Ammonium formate

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Ammonium formate
Ammonium-formate-2D.png
Ball-and-stick model of the ammonium cation Ball-and-stick model of the formate anion
Identifiers
CAS number 540-69-2 YesY
PubChem 2723923
ChemSpider 10442 YesY
RTECS number BQ6650000
Jmol-3D images Image 1
Image 2
Properties
Molecular formula NH4HCO2
Molar mass 63.0559 g/mol
Appearance white monoclinic crystals
deliquescent
Density 1.280 g/cm3
Melting point 116 °C
Boiling point decomposes
Solubility in water 102 g/100 mL (0 °C)
143 g/100 mL (20 °C)
531 g/100 mL (80 °C)
Solubility soluble in liquid ammonia, alcohol and diethyl ether
Hazards
MSDS JT Baker MSDS
GHS pictograms GHS-pictogram-exclam.svg[1]
GHS hazard statements H315, H319, H335[1]
GHS precautionary statements P261, P305+351+338[1]
R-phrases R36/37/38
S-phrases S26, S36
NFPA 704
Flammability code 0: Will not burn. E.g., water Health code 1: Exposure would cause irritation but only minor residual injury. E.g., turpentine Reactivity code 0: Normally stable, even under fire exposure conditions, and is not reactive with water. E.g., liquid nitrogen Special hazards (white): no codeNFPA 704 four-colored diamond
LD50 2250 mg/kg, oral (mouse)
Except where noted otherwise, data are given for materials in their standard state (at 25 °C (77 °F), 100 kPa)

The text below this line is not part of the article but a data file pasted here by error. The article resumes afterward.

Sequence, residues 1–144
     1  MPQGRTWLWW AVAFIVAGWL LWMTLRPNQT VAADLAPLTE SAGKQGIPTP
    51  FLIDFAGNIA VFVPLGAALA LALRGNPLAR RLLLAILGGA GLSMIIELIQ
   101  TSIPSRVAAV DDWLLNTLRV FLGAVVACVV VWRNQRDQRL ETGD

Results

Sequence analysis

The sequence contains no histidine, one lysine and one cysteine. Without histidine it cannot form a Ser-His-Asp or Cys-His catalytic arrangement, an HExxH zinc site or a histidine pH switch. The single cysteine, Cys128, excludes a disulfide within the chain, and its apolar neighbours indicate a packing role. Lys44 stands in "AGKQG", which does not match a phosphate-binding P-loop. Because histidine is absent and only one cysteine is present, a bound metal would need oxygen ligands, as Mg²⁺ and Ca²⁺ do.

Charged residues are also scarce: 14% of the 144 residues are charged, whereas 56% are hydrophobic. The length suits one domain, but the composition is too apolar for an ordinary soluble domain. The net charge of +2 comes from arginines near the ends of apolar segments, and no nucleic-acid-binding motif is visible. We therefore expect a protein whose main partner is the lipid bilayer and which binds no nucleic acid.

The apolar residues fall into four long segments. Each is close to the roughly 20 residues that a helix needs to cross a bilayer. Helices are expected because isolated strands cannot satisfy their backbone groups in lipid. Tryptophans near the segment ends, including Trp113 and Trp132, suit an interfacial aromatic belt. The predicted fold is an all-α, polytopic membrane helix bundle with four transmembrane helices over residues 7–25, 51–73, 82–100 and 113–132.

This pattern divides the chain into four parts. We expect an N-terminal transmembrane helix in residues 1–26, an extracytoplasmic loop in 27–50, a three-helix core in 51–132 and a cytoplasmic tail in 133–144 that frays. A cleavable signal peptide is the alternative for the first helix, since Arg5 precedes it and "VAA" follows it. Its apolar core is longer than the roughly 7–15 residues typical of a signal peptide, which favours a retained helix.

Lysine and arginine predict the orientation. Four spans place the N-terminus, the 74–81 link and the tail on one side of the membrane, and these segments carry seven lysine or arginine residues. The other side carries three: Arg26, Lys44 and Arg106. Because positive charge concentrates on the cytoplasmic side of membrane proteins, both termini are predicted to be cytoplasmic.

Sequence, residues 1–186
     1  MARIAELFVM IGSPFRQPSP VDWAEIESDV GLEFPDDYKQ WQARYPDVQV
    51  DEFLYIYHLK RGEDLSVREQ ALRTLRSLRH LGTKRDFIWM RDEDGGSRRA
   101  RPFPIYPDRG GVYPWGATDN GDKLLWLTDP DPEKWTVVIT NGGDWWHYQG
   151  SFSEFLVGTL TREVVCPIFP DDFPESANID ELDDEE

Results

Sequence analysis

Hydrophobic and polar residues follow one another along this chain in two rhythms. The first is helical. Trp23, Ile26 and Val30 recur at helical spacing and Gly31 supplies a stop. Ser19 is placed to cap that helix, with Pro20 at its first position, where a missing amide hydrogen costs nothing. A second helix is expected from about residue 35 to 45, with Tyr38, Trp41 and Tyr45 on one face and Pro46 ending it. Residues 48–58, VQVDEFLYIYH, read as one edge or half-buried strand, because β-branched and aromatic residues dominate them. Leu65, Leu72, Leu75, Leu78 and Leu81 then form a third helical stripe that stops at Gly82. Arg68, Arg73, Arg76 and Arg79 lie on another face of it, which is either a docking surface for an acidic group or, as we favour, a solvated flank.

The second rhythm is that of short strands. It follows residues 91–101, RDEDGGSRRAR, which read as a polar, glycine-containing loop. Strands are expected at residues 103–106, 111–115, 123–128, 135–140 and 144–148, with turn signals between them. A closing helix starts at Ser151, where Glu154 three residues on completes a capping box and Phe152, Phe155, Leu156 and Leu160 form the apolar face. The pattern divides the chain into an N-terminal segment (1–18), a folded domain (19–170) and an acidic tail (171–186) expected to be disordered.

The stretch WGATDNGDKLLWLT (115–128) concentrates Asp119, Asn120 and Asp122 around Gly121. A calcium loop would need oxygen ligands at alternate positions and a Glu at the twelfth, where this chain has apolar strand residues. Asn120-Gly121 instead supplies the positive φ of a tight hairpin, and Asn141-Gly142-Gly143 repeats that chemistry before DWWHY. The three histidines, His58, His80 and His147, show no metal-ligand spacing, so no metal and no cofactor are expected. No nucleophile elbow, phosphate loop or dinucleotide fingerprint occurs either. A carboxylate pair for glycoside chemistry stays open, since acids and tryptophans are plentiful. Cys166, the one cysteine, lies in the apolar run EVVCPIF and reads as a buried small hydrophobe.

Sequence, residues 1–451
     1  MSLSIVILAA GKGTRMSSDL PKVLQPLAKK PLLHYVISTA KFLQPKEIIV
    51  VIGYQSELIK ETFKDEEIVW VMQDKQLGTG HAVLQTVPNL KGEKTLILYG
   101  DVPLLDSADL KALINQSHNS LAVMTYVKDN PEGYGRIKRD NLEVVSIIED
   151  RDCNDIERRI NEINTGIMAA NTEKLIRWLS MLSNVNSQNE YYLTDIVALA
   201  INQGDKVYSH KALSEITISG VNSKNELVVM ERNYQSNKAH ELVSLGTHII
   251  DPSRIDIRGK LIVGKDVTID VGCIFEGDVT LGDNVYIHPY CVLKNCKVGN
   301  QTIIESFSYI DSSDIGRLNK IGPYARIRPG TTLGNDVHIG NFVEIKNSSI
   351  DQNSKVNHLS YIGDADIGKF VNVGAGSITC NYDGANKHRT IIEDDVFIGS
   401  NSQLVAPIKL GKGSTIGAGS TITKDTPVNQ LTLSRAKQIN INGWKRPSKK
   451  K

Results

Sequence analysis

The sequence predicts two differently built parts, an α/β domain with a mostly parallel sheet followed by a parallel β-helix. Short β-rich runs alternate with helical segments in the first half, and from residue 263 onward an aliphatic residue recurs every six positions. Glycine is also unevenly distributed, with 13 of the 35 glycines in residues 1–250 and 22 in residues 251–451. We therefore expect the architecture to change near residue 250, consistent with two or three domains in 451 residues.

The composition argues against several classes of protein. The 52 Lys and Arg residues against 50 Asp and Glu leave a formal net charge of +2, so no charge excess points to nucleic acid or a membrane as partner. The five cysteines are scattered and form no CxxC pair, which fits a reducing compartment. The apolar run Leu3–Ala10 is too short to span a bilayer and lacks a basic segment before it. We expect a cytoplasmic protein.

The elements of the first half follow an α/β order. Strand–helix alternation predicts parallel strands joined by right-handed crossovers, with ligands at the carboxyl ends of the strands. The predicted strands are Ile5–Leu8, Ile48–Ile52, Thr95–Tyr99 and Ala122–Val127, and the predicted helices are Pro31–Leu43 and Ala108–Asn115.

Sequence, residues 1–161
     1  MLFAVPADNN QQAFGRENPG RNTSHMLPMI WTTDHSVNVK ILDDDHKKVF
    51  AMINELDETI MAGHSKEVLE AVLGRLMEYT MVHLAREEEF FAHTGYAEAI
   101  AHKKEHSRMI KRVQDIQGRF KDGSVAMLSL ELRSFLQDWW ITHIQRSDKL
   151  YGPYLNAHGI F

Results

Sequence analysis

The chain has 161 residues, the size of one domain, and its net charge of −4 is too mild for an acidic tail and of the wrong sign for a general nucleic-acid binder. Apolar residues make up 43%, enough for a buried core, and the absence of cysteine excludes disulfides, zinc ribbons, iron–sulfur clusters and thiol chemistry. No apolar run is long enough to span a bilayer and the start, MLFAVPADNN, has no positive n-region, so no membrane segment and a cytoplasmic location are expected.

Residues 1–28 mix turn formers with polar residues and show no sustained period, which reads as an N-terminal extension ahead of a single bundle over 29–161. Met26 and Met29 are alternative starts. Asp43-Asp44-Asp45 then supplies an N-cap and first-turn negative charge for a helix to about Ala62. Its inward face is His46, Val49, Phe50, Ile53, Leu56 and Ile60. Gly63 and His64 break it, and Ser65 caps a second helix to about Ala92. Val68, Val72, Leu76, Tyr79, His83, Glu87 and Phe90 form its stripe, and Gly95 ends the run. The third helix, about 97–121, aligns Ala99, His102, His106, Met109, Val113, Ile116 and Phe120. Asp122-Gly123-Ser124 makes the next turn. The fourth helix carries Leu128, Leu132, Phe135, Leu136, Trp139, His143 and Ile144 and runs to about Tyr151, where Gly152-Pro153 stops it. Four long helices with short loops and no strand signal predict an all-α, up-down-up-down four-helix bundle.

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Infobox references

Ammonium formate, NH4HCO2, is the ammonium salt of formic acid. It is a colorless, hygroscopic, crystalline solid.

Uses[edit]

Pure ammonium formate decomposes into formamide and water when heated, and this is its primary use in industry. Formic acid can also be obtained by reacting ammonium formate with a dilute acid, and since ammonium formate is also produced from formic acid, it can serve as a way of storing formic acid.

Ammonium formate can also be used in palladium on carbon (Pd/C) reduction of functional groups. In the presence of Pd/C, ammonium formate decomposes to hydrogen, carbon dioxide, and ammonia. This hydrogen gas is adsorbed onto the surface of the palladium metal, where it can react with various functional groups. For example, alkenes can be reduced to alkanes, or formaldehyde to methanol. Activated single bonds to heteroatoms can also be replaced by hydrogens (hydrogenolysis).

Ammonium formate can be used for reductive amination of aldehydes and ketones (Leuckart reaction)

Ammonium formate can be used as a buffer in high performance liquid chromatography (HPLC), and is suitable for use with liquid chromatography/mass spectrometry (LC/MS). The pKa values of formic acid and the ammonium ion are 3.8 and 9.2, respectively.

Reactions[edit]

When heated, ammonium formate eliminates water, forming formamide. Upon further heating it forms to HCN and H2O. A side reaction of this is the decomposition of formamide to CO and NH3.

References[edit]

  1. ^ a b c Sigma-Aldrich Co., Ammonium formate. Retrieved on 2013-07-20.